It is common for abortion advocates to claim pro-lifers should focus less on the legality of abortion, and more on the underlying conditions that drive women toward abortion if they want to end abortion. But as long as the law treats abortion as a permissible action, women and preborn children continue to be in danger. 

Abortion Is Outlawed Again 

The Soviet Union realized the availability of abortion and birth control would have an alarming effect on the country’s birth rate. These growing concerns about population growth prompted the creation of a 1936 draft law which made abortion illegal again. However, the general feeling among the population was that women should have the right to limit the number of children in their household because of societal conditions at the time. It was also argued that women needed abortions so they could work or attend school. 

The presumption that abortion is necessary for women’s social well-being still persists today. The result is that medical dangers of abortion often go unacknowledged. But even back in the 20th century, researchers attempted to warn the Russian public about abortion’s risks. In a piece titled, “Do Not Underrate the Evil,” Professor M. Malinovsky wrote: 

…People do not see or do not want to see the dangers inherent in abortion. The fact that the operation goes unpunished and is relatively safe has created an illusion of the complete harmlessness of the operation. It is our duty to dispel this misconception. 

The abortion prohibition in Russia lasted for 19 years. The government took measures during this time to encourage family stability by increasing women’s access to resources and strengthening their divorce laws. During this time, Soviet Russia would describe abortion as a “remnant of a capitalistic consciousness among the less enlightened members of society.” 

READ: Low fertility rate around the globe is leading to economic crisis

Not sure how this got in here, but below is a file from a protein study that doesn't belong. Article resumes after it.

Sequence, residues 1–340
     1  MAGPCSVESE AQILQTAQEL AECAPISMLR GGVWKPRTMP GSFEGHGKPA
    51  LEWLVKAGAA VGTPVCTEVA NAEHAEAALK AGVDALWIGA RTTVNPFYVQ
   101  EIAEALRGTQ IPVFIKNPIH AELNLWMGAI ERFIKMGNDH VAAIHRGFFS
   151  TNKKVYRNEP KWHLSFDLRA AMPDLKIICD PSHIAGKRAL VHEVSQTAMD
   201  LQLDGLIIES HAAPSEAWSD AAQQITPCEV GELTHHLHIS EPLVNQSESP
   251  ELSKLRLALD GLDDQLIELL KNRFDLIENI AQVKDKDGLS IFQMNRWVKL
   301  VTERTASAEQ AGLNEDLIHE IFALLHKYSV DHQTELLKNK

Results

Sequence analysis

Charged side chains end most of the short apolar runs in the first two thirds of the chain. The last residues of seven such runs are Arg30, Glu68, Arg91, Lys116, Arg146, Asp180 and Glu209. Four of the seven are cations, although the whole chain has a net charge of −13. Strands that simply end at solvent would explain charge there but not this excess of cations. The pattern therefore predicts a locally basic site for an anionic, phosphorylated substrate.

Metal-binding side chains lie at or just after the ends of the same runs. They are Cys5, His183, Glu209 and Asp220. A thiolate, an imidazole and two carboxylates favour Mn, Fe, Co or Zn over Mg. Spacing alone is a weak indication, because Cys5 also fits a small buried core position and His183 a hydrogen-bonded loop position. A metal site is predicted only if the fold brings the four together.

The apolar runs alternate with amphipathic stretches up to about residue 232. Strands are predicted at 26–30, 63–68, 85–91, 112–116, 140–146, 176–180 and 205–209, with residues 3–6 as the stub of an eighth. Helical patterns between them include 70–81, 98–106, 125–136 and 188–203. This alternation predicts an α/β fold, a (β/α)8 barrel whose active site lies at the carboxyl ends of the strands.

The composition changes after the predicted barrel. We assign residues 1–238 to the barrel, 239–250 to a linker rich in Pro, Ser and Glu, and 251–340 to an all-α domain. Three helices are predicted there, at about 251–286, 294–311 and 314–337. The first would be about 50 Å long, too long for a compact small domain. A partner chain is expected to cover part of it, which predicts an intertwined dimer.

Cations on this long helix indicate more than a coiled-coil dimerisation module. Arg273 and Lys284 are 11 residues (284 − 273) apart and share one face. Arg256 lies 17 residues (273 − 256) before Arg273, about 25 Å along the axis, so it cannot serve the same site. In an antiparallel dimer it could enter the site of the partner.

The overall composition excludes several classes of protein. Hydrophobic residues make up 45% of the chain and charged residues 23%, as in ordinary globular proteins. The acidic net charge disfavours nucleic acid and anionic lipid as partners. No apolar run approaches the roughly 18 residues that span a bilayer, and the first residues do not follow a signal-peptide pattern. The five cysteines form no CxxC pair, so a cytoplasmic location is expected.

On August 4, 1954, the Praesidium of the Supreme Soviet issued a decree titled: “On the Abolition of the Criminal Responsibility of Pregnant Women for Obtaining an Abortion.” The decree was intended to make it easier for women to report their abortionists or complications from an abortion to the hospital without any threat of being penalized. The fear of exposure was meant to discourage abortionists from doing abortions. Sadly, it didn’t last.

The ethical conflict of a government failing to consistently defend life through its laws made itself apparent again in 1955. Late in the year, the Soviet government again reversed its stance on abortion. 

Abortion Is Legalized Again 

“The Repeal of the Prohibition of Abortions” was issued on November 23, 1955. The 1955 decree was similar to the one from 1920, in that both involved repealing initial prohibitions on abortion to allow it once more. Though the decision was not highly publicized, Russia’s 1955 decree is evidence of a worldwide problem. 

Nations that permit abortion have failed women by surrendering to the incorrect idea they will always need abortion. Instead of working to encourage societies to value the inherent dignity of women and their preborn children, years of legalized abortion have led to governments which feel the issue isn’t even worth addressing, so they might as well allow it.

One hundred years later, abortion has not corrected societal or familial injustices or inequalities against women or their children — because an injustice perpetrated against an entire class of human beings can never lead to justice for anyone else.